Friday, July 29, 2011

Alberto Torres

Decades ago, the Torres Brothers (Alberto, Ramon and Enrique) were all top draws in the world of wrestling, though all three are now gone. The trio likewise spent much time in Arizona early in their careers, seeing a load of action in the late 1950s in the Phoenix, Tucson, Casa Grande, Yuma area. Sometimes they worked as singles, sometimes as a three man tag and sometimes switching off with each other in combos for tag matches.

Alberto is the topic of this particular blog.

Born in 1934, he started early in wrestling while still a teenager and developed into a formidable talent over the years. A cannonball off the ropes was some of his most famous moves, though he also used stunning dropkicks and head scissors leaps against his opponents.

During his Arizona stay, Alberto feuded with Ali Pasha, Brute Bemis, Don Arnold, Jim Wright, Tony Barbetta and Juan Sebastian.

There is a chilling similarity between Torres and Wright. After their feud ended, they would share a simialr fate.

In the early 1960s, Wright died in the middle of a tag team match in Phoenix when the strain proved too much on his heart.

Torres died in Nebraska in 1971 following a tag team match where he and Cowboy Bob Ellis faced Ox Baker and The Claw.

As was to be a repeated formula with other Mexican or Latino wrestlers in the time to come, such as with Nano Ortega, Benny Mendeblis, Tito Montez and the like, the Torres family drew big money at the gate when they were matched against Anglo villains.

Don Arnold once remarked at how his matches with any of the three Torres clan woudl guarantee a sell out in Phoenix and Tucson. He also noted that when he won against any of the popular trio, a rematch would mean an equally large gate.

Arnold also noted that Alberto might well have been the best of the three.

Who knows how far he might have gone had he not met such a tragic end.

Sunday, July 24, 2011

Tom Ramirez

After wrestling for varied years in Mexico, Tom Ramirez drifted into Arizona in the early 1970s when Kurt Von Steiger was promoting . He did not get many breaks at this time, In fact, he ended up losing a number of televised matches, as well as undercard bouts to the likes of Chris Colt, Bobby Mayne (Jaggers), Rudy Navarro, Chuck Karbo and Jay Dillon. He eventually ended up as a referee.

When Tito Montez started promoting in 1976, Ramirez received a far bigger push, working both as a wrestler and as a manager. Doing double duty, he gained loads of heat from the fans. As a wrestler he faced  Bob Yuma, Chuck Hondo, Ed Blair, Nick Salinas, Mr, Wrestling, Pancho Pico and Super Argo, while as a manager he oversaw the careers of Tony Hernandez, Al Seneceros and Masked Frankenstein.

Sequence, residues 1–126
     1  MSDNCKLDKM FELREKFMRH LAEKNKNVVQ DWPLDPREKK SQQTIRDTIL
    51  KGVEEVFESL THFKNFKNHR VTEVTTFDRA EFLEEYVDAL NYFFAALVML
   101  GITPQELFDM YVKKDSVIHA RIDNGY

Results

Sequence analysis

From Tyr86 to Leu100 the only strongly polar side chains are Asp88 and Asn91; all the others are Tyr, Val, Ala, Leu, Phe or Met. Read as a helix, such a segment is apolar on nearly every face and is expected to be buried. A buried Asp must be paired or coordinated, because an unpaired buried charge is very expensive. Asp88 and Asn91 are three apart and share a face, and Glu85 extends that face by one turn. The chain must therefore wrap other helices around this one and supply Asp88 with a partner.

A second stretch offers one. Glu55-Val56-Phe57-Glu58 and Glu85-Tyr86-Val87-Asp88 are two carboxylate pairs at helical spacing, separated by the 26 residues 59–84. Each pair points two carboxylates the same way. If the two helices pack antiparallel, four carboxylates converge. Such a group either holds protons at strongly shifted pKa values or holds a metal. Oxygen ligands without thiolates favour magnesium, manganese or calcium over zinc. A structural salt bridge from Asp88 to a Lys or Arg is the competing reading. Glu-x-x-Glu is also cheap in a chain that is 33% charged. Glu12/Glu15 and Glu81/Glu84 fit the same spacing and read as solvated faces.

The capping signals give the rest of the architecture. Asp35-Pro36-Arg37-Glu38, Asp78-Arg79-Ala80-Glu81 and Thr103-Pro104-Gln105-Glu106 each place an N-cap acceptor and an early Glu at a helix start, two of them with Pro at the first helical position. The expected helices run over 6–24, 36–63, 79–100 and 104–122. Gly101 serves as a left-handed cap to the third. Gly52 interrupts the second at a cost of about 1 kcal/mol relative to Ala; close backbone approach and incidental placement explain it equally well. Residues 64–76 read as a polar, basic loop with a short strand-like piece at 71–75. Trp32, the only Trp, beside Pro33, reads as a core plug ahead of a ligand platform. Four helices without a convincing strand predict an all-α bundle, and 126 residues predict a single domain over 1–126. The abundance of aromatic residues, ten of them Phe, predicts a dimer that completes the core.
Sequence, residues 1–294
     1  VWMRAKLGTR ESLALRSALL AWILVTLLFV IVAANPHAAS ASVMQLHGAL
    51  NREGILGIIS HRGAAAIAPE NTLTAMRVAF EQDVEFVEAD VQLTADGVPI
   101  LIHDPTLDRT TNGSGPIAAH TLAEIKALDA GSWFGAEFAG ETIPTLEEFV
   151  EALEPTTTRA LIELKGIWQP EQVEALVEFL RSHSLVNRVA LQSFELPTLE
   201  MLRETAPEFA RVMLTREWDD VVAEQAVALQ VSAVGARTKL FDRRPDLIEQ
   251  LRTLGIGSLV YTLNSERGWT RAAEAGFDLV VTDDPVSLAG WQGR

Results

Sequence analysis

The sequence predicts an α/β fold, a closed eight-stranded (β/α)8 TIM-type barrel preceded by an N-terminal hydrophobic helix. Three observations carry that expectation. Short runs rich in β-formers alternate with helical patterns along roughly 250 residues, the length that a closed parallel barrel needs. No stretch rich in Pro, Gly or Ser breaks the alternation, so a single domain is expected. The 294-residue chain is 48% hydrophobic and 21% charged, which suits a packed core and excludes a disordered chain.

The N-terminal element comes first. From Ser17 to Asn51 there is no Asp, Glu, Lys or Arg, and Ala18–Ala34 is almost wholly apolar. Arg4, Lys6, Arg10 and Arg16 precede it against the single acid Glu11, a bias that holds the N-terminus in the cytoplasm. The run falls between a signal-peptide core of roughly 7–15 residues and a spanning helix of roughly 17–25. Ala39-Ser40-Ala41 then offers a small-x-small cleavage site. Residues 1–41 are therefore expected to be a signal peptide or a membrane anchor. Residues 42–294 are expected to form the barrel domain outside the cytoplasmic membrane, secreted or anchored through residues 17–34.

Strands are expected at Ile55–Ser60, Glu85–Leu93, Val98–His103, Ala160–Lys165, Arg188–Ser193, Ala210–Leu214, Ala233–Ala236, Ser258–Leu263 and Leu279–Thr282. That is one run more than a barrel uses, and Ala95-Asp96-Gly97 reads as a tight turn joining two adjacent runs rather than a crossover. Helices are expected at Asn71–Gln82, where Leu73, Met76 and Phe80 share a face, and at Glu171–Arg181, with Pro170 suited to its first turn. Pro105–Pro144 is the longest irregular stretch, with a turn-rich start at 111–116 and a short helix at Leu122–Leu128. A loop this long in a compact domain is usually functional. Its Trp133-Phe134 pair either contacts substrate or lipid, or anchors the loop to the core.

The 1980s proved to be a great decade for him, as he appeared in both Arizona and Mexico. People he faced included Section 8, Thrillseeker Terry Zeller, Jody Arnold, Eddie Sullivan, Nano Ortega, Benny Mendeblis, Chuck Hondo, Billy Anderson, Flama Negra, The Pale Riders, Flama Azul, Pedro El Grande, Silver Bullet, Silver Shadow, Phil Melby, Eddie Lopez, Hard Rock Kimbell, Crazy Horse, Renegado, Blind Man  and Eli Hernandez.

The 1990s saw him drifting more into manager work and occasional stints as a ring announcer. In 1995, he packed his things and headed for Juarez. As of late no one has any idea whatever happened to him.

A heavy-set, even fat individual who looked "like a 50 year old cholo" as the late Tona Tomah once put it, he did much with his lack of physique. He even took to calling himself Tom ":The Lover" Ramirez and acted like he felt himself to be the sexiest man alive. The fans hated him for his appearance and actions even before he stepped into the ring.

"Von Steiger didn't use him right," remarked Cowboy Bob Yuma, a short time before his death. "Tito did and so did some of the other people like Bill Johnson and Skip De Jourdey. Von Steiger saw what he perceived as overweight Latino with limited ability, but the latter promoters saw his potential and used him to the promotion's advantage at the gate. When pushed, Ramirez proved himself capable. The people absolutely despised him and he knew how to play off that."

Friday, July 22, 2011

Sam Bass

Sam Bass is remembered mainly for his work as a manager and occasional wrestler for his work in the Tennessee/Kentucky area for Nick Gulas, In whatever function he chose, he has a natural talent for getting  heat from the fans. He was especially talented on the microphone and could work the crowd into a frenzy with his tirades against them or opponents his men would be facing.